Use of electronic informed consent (eIC) is another technological innovation that benefits both the patient and the clinical trial investigator. An eIC can facilitate the enrollment process by allowing patients to sign up for a clinical trial from a remote location using smartphone applications, a web interface, a touch-screen terminal, or a combination of these. It also allows the investigator to use various interactive electronic formats such as text, clickable URLs, videos, and diagrams, all of which enhance the patients’ understanding of the content. For the investigator, eIC provides searchable data, such as the date and time that a subject signed the consent, unlike the scanned copy of the paper form. The design of the user interface and the choice of consent models are important issues to consider to ensure the success of this new consent medium., To address the privacy and security issues of eIC, the US Food and Drug Administration has issued a draft guidance.

Web-based interventions provide the opportunity to intervene in symptomatic subjects in a cost-effective manner. In the Puff City clinical trial, Joseph et al tested a multimedia web-based intervention in students with asthma at six Detroit high schools, randomizing them to an individually tailored program or to access generic asthma websites over a 180-day intervention period. The program was available on the high school’s computers, and students were allowed to access the material during the school day. The trial found that asthma outcomes were significantly improved in the intervention group in this traditionally hard-to-reach population.

Some previous clinical trials use smartphones as a delivery mechanism via short message service (text messaging). Use of text messaging has certain advantages. A text message is immediate so it can be an effective tool for quick reminders. Also, it may be better suited to younger subjects. Text messages can reach patients in remote areas at low cost, which could be especially useful in bringing health care and clinical trials to an underserved population. They also help improve retention, as found in studies involving patients with HIV and TB.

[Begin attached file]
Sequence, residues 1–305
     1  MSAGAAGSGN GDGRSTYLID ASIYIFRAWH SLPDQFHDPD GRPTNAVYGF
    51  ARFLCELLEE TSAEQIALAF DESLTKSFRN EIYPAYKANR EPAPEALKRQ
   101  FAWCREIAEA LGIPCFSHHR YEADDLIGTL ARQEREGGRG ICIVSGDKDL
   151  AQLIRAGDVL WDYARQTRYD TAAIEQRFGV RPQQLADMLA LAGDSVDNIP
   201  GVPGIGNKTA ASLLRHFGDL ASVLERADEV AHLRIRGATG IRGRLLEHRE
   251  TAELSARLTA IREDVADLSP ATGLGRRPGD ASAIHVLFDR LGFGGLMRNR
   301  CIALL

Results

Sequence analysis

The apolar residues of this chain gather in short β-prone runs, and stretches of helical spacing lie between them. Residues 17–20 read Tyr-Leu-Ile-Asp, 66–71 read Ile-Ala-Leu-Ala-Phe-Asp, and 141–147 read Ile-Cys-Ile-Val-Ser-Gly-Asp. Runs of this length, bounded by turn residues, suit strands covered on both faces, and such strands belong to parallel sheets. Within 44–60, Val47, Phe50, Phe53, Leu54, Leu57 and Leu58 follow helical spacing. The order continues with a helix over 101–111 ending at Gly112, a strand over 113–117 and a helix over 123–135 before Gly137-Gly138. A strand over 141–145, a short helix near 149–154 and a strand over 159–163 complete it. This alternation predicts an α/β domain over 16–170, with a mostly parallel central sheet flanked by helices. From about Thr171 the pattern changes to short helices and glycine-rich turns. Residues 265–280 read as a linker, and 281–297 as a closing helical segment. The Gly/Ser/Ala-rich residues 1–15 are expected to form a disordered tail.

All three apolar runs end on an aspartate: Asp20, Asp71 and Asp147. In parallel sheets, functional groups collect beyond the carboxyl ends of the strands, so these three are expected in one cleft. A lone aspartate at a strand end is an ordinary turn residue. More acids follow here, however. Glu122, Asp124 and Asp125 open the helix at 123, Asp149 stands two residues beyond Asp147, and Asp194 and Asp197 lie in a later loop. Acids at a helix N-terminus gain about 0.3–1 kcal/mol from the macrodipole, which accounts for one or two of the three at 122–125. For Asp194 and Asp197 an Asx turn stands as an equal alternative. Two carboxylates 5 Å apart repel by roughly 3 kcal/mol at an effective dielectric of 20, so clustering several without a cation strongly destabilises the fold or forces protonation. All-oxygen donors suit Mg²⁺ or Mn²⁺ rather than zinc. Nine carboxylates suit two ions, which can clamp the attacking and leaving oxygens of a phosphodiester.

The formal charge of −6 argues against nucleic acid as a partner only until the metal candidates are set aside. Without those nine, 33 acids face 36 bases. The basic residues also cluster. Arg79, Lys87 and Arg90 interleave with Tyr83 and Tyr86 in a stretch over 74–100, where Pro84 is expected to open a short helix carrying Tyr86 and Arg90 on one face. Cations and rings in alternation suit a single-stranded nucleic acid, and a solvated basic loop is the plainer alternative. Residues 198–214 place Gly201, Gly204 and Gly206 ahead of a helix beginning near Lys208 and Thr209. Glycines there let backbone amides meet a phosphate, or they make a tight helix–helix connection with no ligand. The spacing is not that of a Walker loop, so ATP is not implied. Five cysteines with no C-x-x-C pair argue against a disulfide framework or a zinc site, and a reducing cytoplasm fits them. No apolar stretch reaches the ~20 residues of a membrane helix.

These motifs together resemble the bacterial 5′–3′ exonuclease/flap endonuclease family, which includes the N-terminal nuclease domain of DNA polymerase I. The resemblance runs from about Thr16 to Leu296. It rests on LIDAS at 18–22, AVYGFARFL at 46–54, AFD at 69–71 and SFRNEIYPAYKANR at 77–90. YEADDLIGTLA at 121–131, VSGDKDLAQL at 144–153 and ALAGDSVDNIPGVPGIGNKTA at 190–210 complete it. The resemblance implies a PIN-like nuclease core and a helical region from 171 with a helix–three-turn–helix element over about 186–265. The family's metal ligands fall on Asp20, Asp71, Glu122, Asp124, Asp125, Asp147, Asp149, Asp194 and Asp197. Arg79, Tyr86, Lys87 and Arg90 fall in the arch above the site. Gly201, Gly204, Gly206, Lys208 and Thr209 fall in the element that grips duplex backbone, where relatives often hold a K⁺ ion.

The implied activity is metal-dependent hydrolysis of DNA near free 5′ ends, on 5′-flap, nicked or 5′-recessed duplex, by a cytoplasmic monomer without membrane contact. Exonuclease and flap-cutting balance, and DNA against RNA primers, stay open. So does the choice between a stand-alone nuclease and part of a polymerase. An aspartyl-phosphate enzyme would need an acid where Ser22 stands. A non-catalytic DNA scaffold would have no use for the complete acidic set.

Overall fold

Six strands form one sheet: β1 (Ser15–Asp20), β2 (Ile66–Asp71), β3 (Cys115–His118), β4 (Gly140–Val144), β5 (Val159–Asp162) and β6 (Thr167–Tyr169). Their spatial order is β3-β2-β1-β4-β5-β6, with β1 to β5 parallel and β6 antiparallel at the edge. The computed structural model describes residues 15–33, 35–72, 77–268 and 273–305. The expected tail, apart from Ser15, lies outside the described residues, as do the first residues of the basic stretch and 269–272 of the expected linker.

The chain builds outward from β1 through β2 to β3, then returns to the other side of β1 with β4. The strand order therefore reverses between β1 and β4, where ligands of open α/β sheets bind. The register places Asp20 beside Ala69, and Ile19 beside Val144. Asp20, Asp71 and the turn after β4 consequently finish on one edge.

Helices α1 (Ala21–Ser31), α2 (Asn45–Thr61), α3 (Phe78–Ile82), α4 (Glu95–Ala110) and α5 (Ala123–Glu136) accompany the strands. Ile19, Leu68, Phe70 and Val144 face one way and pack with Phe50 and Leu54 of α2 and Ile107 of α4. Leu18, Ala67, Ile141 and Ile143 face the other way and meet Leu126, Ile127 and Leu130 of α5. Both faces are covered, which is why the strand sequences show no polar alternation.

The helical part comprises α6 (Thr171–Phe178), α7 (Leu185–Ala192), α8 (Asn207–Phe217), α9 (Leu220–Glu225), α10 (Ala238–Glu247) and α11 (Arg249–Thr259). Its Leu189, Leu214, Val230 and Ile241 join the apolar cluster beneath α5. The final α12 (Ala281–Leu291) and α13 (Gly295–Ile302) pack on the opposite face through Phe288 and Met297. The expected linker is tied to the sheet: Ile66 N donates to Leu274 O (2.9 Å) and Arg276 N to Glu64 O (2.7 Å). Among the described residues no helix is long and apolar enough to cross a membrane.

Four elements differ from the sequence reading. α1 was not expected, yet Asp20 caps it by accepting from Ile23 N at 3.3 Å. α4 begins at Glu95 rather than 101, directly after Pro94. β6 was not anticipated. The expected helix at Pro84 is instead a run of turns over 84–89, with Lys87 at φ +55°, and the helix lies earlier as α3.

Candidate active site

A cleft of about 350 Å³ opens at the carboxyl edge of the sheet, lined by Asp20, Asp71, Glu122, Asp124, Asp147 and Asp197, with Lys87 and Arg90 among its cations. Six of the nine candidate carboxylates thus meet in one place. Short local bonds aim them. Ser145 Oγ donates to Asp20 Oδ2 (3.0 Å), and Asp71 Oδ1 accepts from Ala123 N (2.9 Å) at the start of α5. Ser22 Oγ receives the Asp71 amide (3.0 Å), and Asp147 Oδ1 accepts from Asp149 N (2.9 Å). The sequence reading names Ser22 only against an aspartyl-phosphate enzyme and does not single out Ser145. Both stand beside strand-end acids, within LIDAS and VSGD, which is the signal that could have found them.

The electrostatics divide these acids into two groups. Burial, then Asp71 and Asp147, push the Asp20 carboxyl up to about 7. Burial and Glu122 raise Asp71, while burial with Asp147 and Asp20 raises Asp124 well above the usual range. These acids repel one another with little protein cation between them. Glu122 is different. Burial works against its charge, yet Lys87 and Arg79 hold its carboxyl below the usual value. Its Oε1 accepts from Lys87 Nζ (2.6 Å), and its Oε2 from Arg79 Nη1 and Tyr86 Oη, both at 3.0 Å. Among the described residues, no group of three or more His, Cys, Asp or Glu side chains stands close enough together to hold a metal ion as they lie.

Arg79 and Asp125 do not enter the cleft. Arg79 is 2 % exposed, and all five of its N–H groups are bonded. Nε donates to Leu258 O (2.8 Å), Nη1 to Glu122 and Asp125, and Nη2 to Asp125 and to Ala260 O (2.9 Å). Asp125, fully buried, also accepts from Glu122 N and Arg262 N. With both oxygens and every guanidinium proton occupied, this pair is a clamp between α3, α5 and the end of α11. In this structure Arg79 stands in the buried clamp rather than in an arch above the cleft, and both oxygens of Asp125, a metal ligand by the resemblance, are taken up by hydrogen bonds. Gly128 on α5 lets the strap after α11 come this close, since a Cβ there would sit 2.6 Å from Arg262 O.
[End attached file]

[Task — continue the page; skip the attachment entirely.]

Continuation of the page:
Interventions using text messages have been shown to be effective in several areas, including smoking cessation. Text message-based interventions have been found to be more effective when the messaging interval is not too frequent and the messages have personalized content.

In a meta-analysis of pooled randomized or quasi-randomized trials, Whittaker et al showed that a mobile phone-based intervention for smoking cessation was effective in increasing the 6-month cessation rate. The Nicotine Exit (NEXit) is a new randomized trial that will examine the effectiveness of a stand-alone text-based intervention to help university students in Sweden stop smoking. The 12-week intervention will occur simultaneously through Swedish universities served by 25 health-care centers.

This trial has certain features worth noting, namely access to a large number of potential subjects, simple eligibility criteria, and a simple intervention. The health-care system in Sweden includes everyone and therefore facilitates wide publicity for volunteers. The trial had few eligibility criteria other than being a daily or weekly smoker, but participants are required to be willing to set a date within the next 4 weeks to stop smoking. This should help to decrease noncompliance and dropout. The intervention itself is straightforward, in the sense that successful delivery is assured (once a telephone number is confirmed), and the timing and number of the messages can be automated. The large number of eligible subjects should enable rapid completion of this trial.

The astronomical growth of the personal mobile device market and human connections through the Internet and social media provide an opportunity to invite mobile device users to be active partners in medical research. In 2014, 90% of American adults owned a cell phone and 64% were smartphone users, and this proportion is expected to reach 80% by 2017. This may have significant implications for future clinical trials.